Andy Stein became a nationally known musical talent heard for decades on Prairie Home Companion and in the Saturday Night Live house band.  In the Bay Area during 1970s he was fiddler in Commander Cody’s Lost Planet Airmen: a fusion of Rockabilly, Country, and Western Swing. 

Joining Oxtot and crew at The Ordinary in the mid-1970s Stein was playing not only hot and bluesy violin, but baritone and other saxes.  Stein’s violin style here ranges from rough country blues (“Goin' Away Blues,” “Blue and Sentimental,” and “L-O-U-I-S-I-A-N-I-A”) to sounds emulating Joe Venuti (“I’ll Always Be in Love with You”) or maybe Stuff Smith.

Earl Scheelar
Talented multi-instrumentalist Earl Scheelar was especially hot in these sessions doubling on clarinet and alto sax.  He joined with Stein and Bardin for riffs and the effervescent ride out choruses.  Special thanks to Earl for help sorting out the tricky personnel details.

Walt Yost
Walt Yost was best known as a yeoman tuba player.  But his fine Beidberbecke-influenced cornet sound is notable in Set #2. 

Set #1
Sweet Jenny Lee (upcut) - vocal Oxtot, Scheelar (clt), Andy Stein (bari)
Blue and Sentimental - Scheelar (clt), Andy Stein (violin)
I’ll Always Be in Love with You - Scheelar (clt), Stein (vln)
L-O-U-I-S-I-A-N-I-A - vocal Oxtot, Scheelar (alto), Stein (vln)
Without Your Love - vocal Polland, Scheelar (clt), Stein (alto)
In the Mood -  vocal Polland, Scheelar (clt), Stein (vln)
Goin' Away Blues - vocal Polland, Scheelar (clt), Stein (vln)

Set #1 complete.mp3 = 30:49

More on Syncopated Times:

Dick Oxtot at The Ordinary featuring Terry Garthwaite


Earl Scheelar recalls playing with Oxtot bands at The Ordinary in downtown Oakland in the early 1970s:

“It was on Manila, Broadway near 40th in Oakland.  It was kind of a little warehouse.   [The band] was a quartet.  A lot of people played there.  It was Oxtot’s band; I played it a lot.   Walter Yost played quite a bit.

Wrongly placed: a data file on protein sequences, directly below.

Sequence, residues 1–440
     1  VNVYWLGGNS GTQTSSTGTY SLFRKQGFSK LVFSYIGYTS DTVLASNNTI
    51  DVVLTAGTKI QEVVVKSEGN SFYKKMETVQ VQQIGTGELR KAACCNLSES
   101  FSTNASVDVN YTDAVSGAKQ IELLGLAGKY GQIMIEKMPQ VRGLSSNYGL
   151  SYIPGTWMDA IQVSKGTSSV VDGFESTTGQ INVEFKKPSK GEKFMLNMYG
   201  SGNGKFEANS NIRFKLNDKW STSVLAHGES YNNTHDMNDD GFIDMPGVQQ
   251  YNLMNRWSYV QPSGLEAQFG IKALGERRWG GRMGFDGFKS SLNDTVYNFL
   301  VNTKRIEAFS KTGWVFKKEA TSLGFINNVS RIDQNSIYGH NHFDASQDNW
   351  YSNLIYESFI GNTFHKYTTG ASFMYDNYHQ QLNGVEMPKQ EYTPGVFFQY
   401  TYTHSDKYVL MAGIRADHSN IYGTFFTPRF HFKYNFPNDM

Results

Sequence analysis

It was kind of a warehouse.  It could have been a PG & E station but I don’t know.  Around 1970, or a little bit later.  It had to be somewhere around ’71-’72 somewhere in there.   I don’t remember who the crowd was; they were young, they were young people.  They weren’t the jazz crowd of today.  And it was fairly well attended.

Andy Stein would come in and sit-in a lot on baritone sax, as a bass instrument.  Yost played tuba a lot in that group, also played cornet sometimes.  But he was the main tuba player.”

Scheelar on The Ordinary.mp3


The Ordinary Band, 1975

This tape contained badly damaged audio.  What could be salvaged is presented with apologies.

Walter Yost (cornet)
Earl Scheelar (alto sax)
Bill Bardin (trombone)
Andy Stein (violin, baritone sax)
Oxtot (banjo, vocal)

Cakewalkin’ Babies (bad channel drop out)
Mama’s Gone, Goodbye - Scheelar (alto), Stein (baritone sax)
My Sunday Gal - vocal Oxtot, Scheelar (alto & clt), Stein (baritone sax)
Sunday – Scheelar (clt & alto), Stein (violin)

Set #2 complete.mp3 = 20:03


Golden Age Jazz Band with vocalist Terry Garthwaite
Location unknown, early 1970s

All these musicians were known to have performed with Dick at The Ordinary.  But this recording was probably made at another East Bay nightclub, perhaps Mandrakes in Berkeley.

Photo: GAJB L to R:
Dick Oxtot, Bill Napier, unknown drummer, Jim Goodwin, Terry Garthwaite, Bob Mielke and Bill Bardin.
NOJCNC early or mid-1970s, Oxtot collection.

Set A:
P.T. Stanton (cornet)
Earl Scheelar (soprano saxophone)

Set B:
Jim Goodwin (trumpet)
Bob Helm (clarinet, soprano sax)
Bob Mielke (trombone)
Ray  Skjelbred (piano)
Dick Oxtot (banjo and leader)
John Moore (tuba)
Terry Garthwaite vocals

Set A:
Dream Blues.mp3 (P. T. Stanton)
Ain’t Nobody Got the Blues Like Me.mp3 (P. T. Stanton)

Set B:
Stand On the Rock.mp3 (Goodwin)
Walkin’ Blues.mp3 (Goodwin)
Lookin’ for a Pilot.mp3 (Goodwin)

Courtesy of Earl Scheelar

Note on recordings:
The archival recordings heard on these pages are offered as historic artifacts.  They contain many musical and technical flaws, or are incomplete or poorly balanced  in places.  Personnel are listed as available, or as deduced  from educated guesses.  Special thanks to Hal Smith and Earl Scheelar for assistance.


This is a small Oxtot band with singer Terry Garthwaite and the talented Andy Stein salvaged from a damaged tape.  Stein played spectacular jazz violin in the Bay Area for a few years around this time, June 1973, almost certainly at The Ordinary.

Andy Stein (violin)
P.T. Stanton (cornet)
Dick Oxtot (guitar)
Terry Garthwaite (vocal, "Summertime")
(other personnel unknown)


Oxtot collection

     Occasional players of The Ordinary:

Joining Oxtot and crew at The Ordinary in the mid-1970s Andy Stein was playing not only hot and bluesy violin, but baritone and other saxes. 

Stein’s violin style ranges from rough country blues to sounds emulating Joe Venuti or maybe Stuff Smith.

Bill Bardin was a steady presence at The Ordinary, and in Oxtot bands for decades.

Trombone player
Bob Mielke was welcome at The Ordinary, and an associate of Oxtot for half a century.